Tim Duncan: The silent superstar

Eric Rosenhek
February 23, 2011

Tim Duncan is the silent superstar.

Silently, he’s led the San Antonio Spurs to four NBA championships. Silently, he’s been named the NBA Finals MVP three times. Silently, he’s a 13-time all-star, a former NBA Rookie of the Year and a two-time regular season MVP.

Countless awards and accomplishments accumulate for the 34-year-old veteran. There’s no doubt he’s heading to the Hall of Fame and you can certainly bet San Antonio will retire his number.

And all of this has occurred, and will continue to occur, without a sound.

Duncan is not like his fellow NBA all-stars. In a league full of ego, “bling” and glamour, he’s none of the above. Kobe Bryant, LeBron James and Dwyane Wade live out loud. But Duncan lives in silence.

There’s a reason why children will more often run around in Bryant and James jerseys than Duncan ones; because kids love cool. They learn about cool from the source of cool: the television. And what’s on TV? Highlights.

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There’s Kobe showing his amazing skill, matched only by his Hollywood arrogance. That’s cool.

There’s LeBron tossing powder in the air while talking to Jay-Z. He’s making monster dunks and acting up for the camera. That’s cool.

There’s Tim Duncan scoring a generic basket, then applauding his teammates. That’s not cool.

But “not cool” is a good thing.

Duncan is the ideal role model for aspiring basketball players. He plays in the NBA because he wants to win. He doesn’t care about who’s wearing his jersey or how many times he shows up on the SportsCenter “Plays of the Day.” Duncan doesn’t mind passing the ball. He just wants to win.

More importantly, Duncan understands the consequences of his actions. He realizes there are many individuals who helped him on his road to success.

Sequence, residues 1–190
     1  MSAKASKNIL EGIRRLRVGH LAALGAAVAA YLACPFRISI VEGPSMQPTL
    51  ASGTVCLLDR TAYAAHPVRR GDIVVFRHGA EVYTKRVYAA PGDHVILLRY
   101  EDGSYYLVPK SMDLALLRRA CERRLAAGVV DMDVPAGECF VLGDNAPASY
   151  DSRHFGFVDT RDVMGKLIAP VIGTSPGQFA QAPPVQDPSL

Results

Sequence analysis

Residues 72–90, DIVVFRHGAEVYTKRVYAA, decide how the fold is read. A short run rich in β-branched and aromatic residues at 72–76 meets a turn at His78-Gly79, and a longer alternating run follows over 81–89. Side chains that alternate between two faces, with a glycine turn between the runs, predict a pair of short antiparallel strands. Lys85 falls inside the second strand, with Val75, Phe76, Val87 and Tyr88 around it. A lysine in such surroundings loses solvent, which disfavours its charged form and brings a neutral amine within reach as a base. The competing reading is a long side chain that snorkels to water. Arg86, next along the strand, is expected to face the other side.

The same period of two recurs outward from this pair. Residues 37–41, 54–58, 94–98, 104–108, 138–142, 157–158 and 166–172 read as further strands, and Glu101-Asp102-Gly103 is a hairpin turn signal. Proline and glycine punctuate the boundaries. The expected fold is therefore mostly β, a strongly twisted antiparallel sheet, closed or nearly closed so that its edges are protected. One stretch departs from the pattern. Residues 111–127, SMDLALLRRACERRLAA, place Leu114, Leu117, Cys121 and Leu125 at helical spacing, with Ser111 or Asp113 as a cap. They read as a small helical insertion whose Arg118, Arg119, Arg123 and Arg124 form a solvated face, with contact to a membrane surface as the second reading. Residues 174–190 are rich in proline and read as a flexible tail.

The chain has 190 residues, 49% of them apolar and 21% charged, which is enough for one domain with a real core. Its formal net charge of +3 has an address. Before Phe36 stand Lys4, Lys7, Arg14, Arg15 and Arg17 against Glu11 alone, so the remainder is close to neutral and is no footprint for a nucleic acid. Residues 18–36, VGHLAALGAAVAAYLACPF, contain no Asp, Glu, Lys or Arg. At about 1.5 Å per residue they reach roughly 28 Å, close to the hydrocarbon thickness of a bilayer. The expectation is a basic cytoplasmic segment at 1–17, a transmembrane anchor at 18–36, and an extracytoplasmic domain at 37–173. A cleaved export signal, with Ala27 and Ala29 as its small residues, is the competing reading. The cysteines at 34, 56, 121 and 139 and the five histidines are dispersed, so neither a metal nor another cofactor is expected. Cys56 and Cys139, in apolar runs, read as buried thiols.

So he gives back.

Duncan is incredibly charitable. His own charity, the Tim Duncan Foundation, has raised thousands of dollars for cancer research and promotes healthy habits for youths. Yes, Bryant and James do charitable work as well, but how often is it overshadowed by their antics on and off the court? That’s not the case with Duncan.

The most unique aspect of Duncan’s character is his loyalty. In 2011, an athlete playing for the same club his entire career is rare. But here’s Duncan wearing the Spurs’ black, silver and white since 1997. Of course, one could argue Bryant is just as loyal. But that tenure is only possible thanks to the Lakers’ deep pockets.

Even if the Lakers or New York Knicks backed several trucks each full of money and dumped it onto his front lawn, it’s highly likely that Duncan would stay and politely ask them to clean up the mess and drive home. Why would he want to leave San Antonio? Look at all the success the team has had. A large portion of their ability to stay competitive for the last decade is because of Duncan. It shows that hard work and skill – not just money – brings victory.

On his website, Slamduncan.com, Duncan mentions a nursery rhyme his late mother would say to him and his siblings. It truly captures Duncan personality, work ethic and silent persona amongst the NBA’s top players. It’s his personal motto, and one that all athletes and people in general should aim towards:

“Good, Better, Best. Never let it rest, until your Good is Better, and your Better is your Best.”

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The Author:

Eric Rosenhek